/The Health District promotes its cessation resources in support of the Great American Smokeout

The Health District promotes its cessation resources
in support of the Great American Smokeout

FOR IMMEDIATE RELEASE:

12 November, 2018

LAS VEGAS – On Thursday, Nov. 15 many smokers will pledge to go smoke-free, even if it’s just for one day. The Great American Smokeout has provided an opportunity for smokers to commit to leading healthier lives for more than 40 years, and the Southern Nevada Health District has cessation resources, tools, and information to support them in their journey. The Great American Smokeout is an opportunity for smokers to kick the habit for at least one day with the hope that it could lead to a permanent change. The Health District encourages tobacco users to take up the one-day challenge that can lead to a long-term plan to quit for good. The Health District’s GetHealthyClarkCounty.org website has cessation resources as well as information about tobacco products, smoke-free living, and smoke-free meeting spaces.

Nationally, cigarette smoking rates have declined significantly since 1965 when it was 42 percent to less than 14 percent in 2017, according to the Centers for Disease Control and Prevention (CDC). In Clark County, 15.6 percent of adults smoke cigarettes. The CDC estimates that if the smoking rate among youth continues, approximately 5.6 million Americans under the age of 18 today will die early from a smoking-related illness. Use of alternative tobacco products, including e-cigarettes, continues to increase among young people with an estimated 13 percent of Clark County high school students reporting that they used e-cigarettes in a 30-day period in 2017. According to the CDC, scientists are still learning about the long-term health effects of e-cigarettes. The e-cigarette aerosol that users breathe from the device and exhale can contain harmful substances.

State residents can contact the Nevada Tobacco Quitline 1-800-QUIT-NOW (1-800-784-8669) from a Nevada area code to access a free, phone-based service for anyone age 13 or older. Callers will speak with a ‘coach’ who can offer quitting assistance in any language. The Quitline is available Monday – Sunday, 4 a.m. – 10 p.m. (PT). Through the Quitline program, people may be eligible to receive a free supply of nicotine replacement patches, gum, or lozenges. Coaches will determine eligibility to receive the free therapy. In addition, Quitline coaches can provide information about dealing with stress and fighting cravings, as well as coping with weight gain and other issues that occur when people attempt to quit smoking.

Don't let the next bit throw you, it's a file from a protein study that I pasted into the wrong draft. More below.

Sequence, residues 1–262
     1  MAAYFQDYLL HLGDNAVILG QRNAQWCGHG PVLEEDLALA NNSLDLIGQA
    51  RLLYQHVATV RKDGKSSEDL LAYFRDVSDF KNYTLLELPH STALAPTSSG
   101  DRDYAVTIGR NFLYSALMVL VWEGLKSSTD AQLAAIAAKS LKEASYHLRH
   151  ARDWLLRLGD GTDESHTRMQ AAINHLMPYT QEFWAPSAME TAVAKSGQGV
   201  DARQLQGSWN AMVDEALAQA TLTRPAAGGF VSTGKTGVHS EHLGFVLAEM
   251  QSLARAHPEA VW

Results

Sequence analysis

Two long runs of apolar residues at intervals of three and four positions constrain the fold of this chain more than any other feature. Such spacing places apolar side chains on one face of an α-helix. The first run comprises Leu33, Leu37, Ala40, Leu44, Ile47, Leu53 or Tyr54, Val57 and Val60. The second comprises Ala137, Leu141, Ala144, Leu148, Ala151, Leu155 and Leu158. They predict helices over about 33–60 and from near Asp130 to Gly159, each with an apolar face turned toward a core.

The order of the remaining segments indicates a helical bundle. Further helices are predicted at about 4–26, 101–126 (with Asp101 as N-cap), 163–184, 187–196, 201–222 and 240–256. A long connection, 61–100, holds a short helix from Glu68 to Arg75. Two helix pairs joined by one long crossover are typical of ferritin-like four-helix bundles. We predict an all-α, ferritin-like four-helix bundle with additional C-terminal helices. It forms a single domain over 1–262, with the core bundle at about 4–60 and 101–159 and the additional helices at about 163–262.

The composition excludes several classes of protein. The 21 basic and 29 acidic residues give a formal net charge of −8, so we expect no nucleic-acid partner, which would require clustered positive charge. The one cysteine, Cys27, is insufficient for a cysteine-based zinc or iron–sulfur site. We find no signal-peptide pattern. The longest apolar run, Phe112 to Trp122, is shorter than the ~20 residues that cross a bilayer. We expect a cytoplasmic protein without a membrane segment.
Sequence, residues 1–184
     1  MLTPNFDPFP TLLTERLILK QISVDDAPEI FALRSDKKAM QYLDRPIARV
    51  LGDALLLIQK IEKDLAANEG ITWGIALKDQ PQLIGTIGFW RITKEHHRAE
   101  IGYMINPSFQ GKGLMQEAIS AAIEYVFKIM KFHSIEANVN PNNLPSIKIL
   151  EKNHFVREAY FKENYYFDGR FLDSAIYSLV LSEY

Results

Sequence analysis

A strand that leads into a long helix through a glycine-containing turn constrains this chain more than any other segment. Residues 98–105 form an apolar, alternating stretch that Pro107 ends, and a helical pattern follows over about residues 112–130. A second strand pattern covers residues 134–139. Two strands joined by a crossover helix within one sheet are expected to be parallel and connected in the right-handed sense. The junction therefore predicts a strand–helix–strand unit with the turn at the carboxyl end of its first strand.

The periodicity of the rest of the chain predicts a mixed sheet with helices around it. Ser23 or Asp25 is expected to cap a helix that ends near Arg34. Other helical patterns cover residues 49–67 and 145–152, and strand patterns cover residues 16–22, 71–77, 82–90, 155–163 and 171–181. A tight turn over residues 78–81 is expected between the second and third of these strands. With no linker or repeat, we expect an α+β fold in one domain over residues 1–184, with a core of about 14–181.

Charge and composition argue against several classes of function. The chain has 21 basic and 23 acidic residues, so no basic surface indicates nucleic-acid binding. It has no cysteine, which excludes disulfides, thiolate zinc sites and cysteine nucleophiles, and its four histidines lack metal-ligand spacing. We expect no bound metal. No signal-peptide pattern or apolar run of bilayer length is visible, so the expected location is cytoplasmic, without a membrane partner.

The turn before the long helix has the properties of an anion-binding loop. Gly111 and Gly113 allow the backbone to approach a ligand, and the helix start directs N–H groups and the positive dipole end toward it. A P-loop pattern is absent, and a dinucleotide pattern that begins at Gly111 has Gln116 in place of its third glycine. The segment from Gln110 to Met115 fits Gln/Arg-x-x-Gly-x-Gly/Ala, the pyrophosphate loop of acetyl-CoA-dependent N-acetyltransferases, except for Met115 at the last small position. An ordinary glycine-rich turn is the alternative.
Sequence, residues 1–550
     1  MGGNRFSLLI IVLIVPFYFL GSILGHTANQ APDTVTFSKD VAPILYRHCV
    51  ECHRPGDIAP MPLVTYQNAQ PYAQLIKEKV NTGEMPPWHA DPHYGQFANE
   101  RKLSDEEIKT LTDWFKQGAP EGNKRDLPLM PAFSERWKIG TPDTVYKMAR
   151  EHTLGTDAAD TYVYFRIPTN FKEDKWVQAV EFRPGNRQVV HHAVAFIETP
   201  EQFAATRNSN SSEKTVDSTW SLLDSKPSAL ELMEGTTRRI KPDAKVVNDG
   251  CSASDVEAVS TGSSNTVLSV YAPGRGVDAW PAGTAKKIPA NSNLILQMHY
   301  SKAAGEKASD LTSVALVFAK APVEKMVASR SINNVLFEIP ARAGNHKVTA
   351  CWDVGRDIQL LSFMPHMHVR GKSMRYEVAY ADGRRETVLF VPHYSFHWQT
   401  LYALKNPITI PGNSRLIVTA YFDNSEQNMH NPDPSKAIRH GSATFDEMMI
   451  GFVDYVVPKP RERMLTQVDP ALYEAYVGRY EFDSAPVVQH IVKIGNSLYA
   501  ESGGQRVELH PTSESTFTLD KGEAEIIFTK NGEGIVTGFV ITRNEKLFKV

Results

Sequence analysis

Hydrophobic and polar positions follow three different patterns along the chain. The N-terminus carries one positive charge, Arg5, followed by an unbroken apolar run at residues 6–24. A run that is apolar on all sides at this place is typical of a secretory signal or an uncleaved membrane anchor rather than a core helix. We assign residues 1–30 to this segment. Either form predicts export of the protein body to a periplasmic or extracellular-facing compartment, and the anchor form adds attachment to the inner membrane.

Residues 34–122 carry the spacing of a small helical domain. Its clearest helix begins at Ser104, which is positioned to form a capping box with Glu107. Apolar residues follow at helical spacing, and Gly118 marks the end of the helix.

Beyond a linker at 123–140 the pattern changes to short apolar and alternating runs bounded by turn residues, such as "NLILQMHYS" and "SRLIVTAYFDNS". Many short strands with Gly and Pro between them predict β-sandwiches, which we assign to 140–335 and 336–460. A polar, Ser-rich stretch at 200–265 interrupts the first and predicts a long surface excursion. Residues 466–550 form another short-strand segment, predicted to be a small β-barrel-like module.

Former smokers reap health benefits almost immediately. Just 20 minutes after putting out a final cigarette, the heart rate drops to a normal level. In three months, the risk of a heart attack drops; in one year, the added risk of coronary heart disease is half that of a smoker’s; in five to 15 years, the risk of a stroke is reduced to that of a nonsmoker’s; and 15 years after quitting, the risk of dying from lung cancer or bladder cancer is reduced to half of a smoker’s risk, and the risk of coronary heart disease is the same as a nonsmoker’s.

While many Americans are choosing to use alternative tobacco products to assist them to quit smoking, it is important to note that many of these products, such as e-cigarettes, have not been approved by the FDA as smoking cessation tools. E-cigarettes also contain toxins and cancer-causing chemicals themselves.

The most effective way to quit smoking is to make a plan and get assistance to develop a strategy. Quitting tips include identifying triggers and habits, such as an ‘after dinner’ cigarette, driving, or consuming alcohol or coffee. The American Cancer Society offers several tips to assist:

  • Spend time in places where smoking is prohibited, especially the first few days after quitting
  • Drink large quantities of water and fruit juice
  • Avoid alcohol, coffee, and other beverages associated with smoking
  • Eat several small meals to maintain blood sugar levels, avoid sugary or spicy foods that trigger a desire for cigarettes
  • Take deep rhythmic breaths to relax
  • Join a support group

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Access information about the Southern Nevada Health District on its website: www.SNHD.info. Follow the Health District on Facebook: www.facebook.com/SouthernNevadaHealthDistrict, YouTube: www.youtube.com/SNHealthDistrict, Twitter: www.twitter.com/SNHDinfo, and Instagram: www.instagram.com/southernnevadahealthdistrict/. The Health District is available in Spanish on Twitter: www.twitter.com/TuSNHD.  Additional information and data can be accessed through the Healthy Southern Nevada website: www.HealthySouthernNevada.org.

2018-11-14T16:19:07-08:00